Volcanic Eruptions in North America Were More Explosive in Ancient Past
The next Yellowstone eruption could be similar volcanic event
Millions of years ago, volcanic eruptions in North America were more explosive and may have significantly affected the environment and the global climate. So scientists report in this week's issue of the journal Nature.
The researchers found the remains--deposited in layers of rocks--of eruptions of volcanoes located on North America's northern high plains that spewed massive amounts of sulfate aerosols into the atmosphere 40 million years ago. The scientists conducted their research at Scotts Bluff National Monument, Neb., and in surrounding areas.
"Combining measurements of the sulfate in ancient volcanic ash beds with a detailed atmospheric chemistry model, we found that the long-ago chemistry of volcanic sulfate gases is distinct from that of more modern times," says Huiming Bao, a geologist at Louisiana State University and lead author of the paper.
"This is the first example showing that the history of massive volcanic sulfate emissions, and their associated atmospheric conditions in the geologic past, may be retrieved from rock records."
Volcanic eruptions may have significant impacts on the environment, Bao says, citing the 1991 Mt. Pinatubo and more recent Iceland volcanic eruptions.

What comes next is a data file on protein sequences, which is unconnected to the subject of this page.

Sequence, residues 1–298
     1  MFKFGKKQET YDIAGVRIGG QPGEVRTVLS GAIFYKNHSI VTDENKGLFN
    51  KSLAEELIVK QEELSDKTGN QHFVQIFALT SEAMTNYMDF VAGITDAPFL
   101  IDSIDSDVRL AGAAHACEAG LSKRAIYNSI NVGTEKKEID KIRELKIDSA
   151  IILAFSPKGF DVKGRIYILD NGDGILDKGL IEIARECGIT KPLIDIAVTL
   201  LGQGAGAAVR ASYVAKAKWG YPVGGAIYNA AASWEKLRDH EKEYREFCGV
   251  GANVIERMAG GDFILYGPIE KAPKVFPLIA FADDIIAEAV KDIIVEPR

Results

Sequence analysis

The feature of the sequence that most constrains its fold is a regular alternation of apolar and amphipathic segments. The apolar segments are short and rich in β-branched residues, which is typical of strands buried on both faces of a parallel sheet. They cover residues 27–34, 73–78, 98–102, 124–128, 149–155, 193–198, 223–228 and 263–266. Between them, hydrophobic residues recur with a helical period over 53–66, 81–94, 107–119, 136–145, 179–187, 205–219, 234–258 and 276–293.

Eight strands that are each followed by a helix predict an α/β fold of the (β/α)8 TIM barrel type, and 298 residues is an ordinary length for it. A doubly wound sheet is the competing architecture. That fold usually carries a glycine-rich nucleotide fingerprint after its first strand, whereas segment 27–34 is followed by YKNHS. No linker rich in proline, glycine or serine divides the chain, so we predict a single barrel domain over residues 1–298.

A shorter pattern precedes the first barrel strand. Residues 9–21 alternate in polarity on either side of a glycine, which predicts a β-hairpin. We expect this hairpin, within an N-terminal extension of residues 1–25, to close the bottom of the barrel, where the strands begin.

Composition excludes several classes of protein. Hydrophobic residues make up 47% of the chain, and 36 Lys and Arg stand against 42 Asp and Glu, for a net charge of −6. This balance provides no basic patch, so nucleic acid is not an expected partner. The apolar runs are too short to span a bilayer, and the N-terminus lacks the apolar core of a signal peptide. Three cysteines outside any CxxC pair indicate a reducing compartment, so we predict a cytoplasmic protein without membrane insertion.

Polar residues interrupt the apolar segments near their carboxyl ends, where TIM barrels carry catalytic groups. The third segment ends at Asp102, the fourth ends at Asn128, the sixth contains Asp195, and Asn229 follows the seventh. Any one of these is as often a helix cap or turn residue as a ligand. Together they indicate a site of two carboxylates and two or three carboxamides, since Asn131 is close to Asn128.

"The physical impacts of these eruptions, such as ash plumes, are relatively short-lived, but the chemical consequences of the emitted gases may have long-lasting effects on global climate," says Sonia Esperanca, program director in the National Science Foundation (NSF)'s Division of Earth Sciences, which funded the research.
One of the most important volcanic gases is sulfur dioxide. It is oxidized in the atmosphere and turned to sulfate aerosol. This aerosol plays an important role in climate change.
"The volcanic eruptions of the last several thousand years hardly compare with some of the eruptions in the past 40 million years in western North America, especially in the amount of sulfur dioxide those eruptions spewed out," says Bao.
What's more important, he says, is that the formation of sulfate aerosol is related to atmospheric conditions at the time of a volcano's eruption.
In the Nature paper, he and colleagues show that past sulfate aerosol formed in a different way than it does today, indicating a change from atmospheric conditions then to now.
A similar volcanic event to the long-ago past likely will happen again, Bao says: in the next Yellowstone eruption.
The closest analog, Bao believes, is the 1783 Laki, Iceland, eruption and the subsequent "dry fogs" in continental Europe.
That event devastated Iceland's cattle population. People with lung problems suffered the worst, he says.
In North America, the very next year's winter, that of 1784, was the longest and one of the coldest on record. The Mississippi River froze as far south as New Orleans. The French Revolution in 1789 may have been triggered by the poverty and famine caused by the eruption, scientists believe.
"Millions of years ago, volcanic eruptions in North America were more explosive," Bao says, "and the quantity of sulfur dioxide released was probably hundreds of times more--greater even than in Laki in 1783."
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